Sentence Examples with the word paid

The result was that whereas in former times the forces of an Afghan ruler consisted mainly of a militia, furnished by the chiefs of tribes who held land on condition of military service, and who stoutly resisted any attempt to commute this service for money payment, the amir had at his command a large standing army, and disposed of a substantial revenue paid direct to his treasury.

The consolidated rate was now paid by the occupier, who would profit by economy and lose by extravagance.

Relations between Sun Yat-sen and Yuan Shih-k'ai were never cordial, but until the ejection from Peking of the Kuo Min-tang Radicals by the President Dictator in 1913, they preserved the appearance of goodwill, and towards the end of 1912 Sun accepted a highly paid appointment as Director of National Railways at Shanghai.

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But, on the other hand, the material influence of the priests was greater than it had ever been before; the Temple was the only visible centre of national life in the ages of servitude to foreign power, and the priests were the only great national functionaries, who drew to themselves all the sacred dues as a matter of right and even appropriated the tithes paid of old to the king.

The visit of Mr Redmond and others to America in 1901 was not believed to have brought in much money, and the activity of the League was more or less restrained rife, especially in Sligo, and paid agents also promoted an agitation against grass farms in Tipperary, Clare and other southern counties.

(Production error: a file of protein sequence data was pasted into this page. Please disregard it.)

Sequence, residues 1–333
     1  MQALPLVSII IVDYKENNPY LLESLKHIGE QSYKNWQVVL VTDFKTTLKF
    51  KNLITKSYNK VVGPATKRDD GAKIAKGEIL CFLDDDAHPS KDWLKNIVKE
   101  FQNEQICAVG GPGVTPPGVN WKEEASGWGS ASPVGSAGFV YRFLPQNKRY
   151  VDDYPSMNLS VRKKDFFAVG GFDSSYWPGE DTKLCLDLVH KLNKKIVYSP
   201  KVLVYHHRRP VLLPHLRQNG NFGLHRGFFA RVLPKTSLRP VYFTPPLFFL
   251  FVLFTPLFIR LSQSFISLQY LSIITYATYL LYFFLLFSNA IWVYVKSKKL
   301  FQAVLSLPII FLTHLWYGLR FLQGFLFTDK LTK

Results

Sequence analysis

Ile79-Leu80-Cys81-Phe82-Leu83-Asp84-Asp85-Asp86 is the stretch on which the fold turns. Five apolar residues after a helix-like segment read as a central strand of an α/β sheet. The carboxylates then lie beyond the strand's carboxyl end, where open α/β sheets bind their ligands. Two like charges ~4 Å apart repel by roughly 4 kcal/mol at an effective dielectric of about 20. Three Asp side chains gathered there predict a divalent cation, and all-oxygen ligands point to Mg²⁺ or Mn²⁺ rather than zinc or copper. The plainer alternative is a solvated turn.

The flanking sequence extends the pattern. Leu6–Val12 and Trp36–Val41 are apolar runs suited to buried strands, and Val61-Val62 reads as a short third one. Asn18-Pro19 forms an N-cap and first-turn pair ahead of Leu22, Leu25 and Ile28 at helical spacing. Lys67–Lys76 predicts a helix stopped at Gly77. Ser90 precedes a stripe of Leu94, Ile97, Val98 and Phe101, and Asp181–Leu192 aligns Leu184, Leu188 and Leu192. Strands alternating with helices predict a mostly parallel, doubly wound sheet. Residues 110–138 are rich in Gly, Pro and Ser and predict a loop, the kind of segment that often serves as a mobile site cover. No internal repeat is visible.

He had access to his part much earlier than I did, so he was able to make some investments that really paid off.

The way he described her, I don't think she paid much attention to the mundane things in life.

This, however, did not mean that he paid no attention to the practical application of science nor that he despised knowledge which tended to use.

Soon after taking office in 1913 he aroused a storm of protest, especially on the part of the large daily newspapers, by declaring that he would enforce the law (requiring publications to print, among other things, a sworn statement of paid circulation), which had been held in abeyance by his predecessor until its constitutionality might be confirmed.

Like other ecclesiastical lawyers and civil servants of the day, he was paid with ecclesiastical preferments.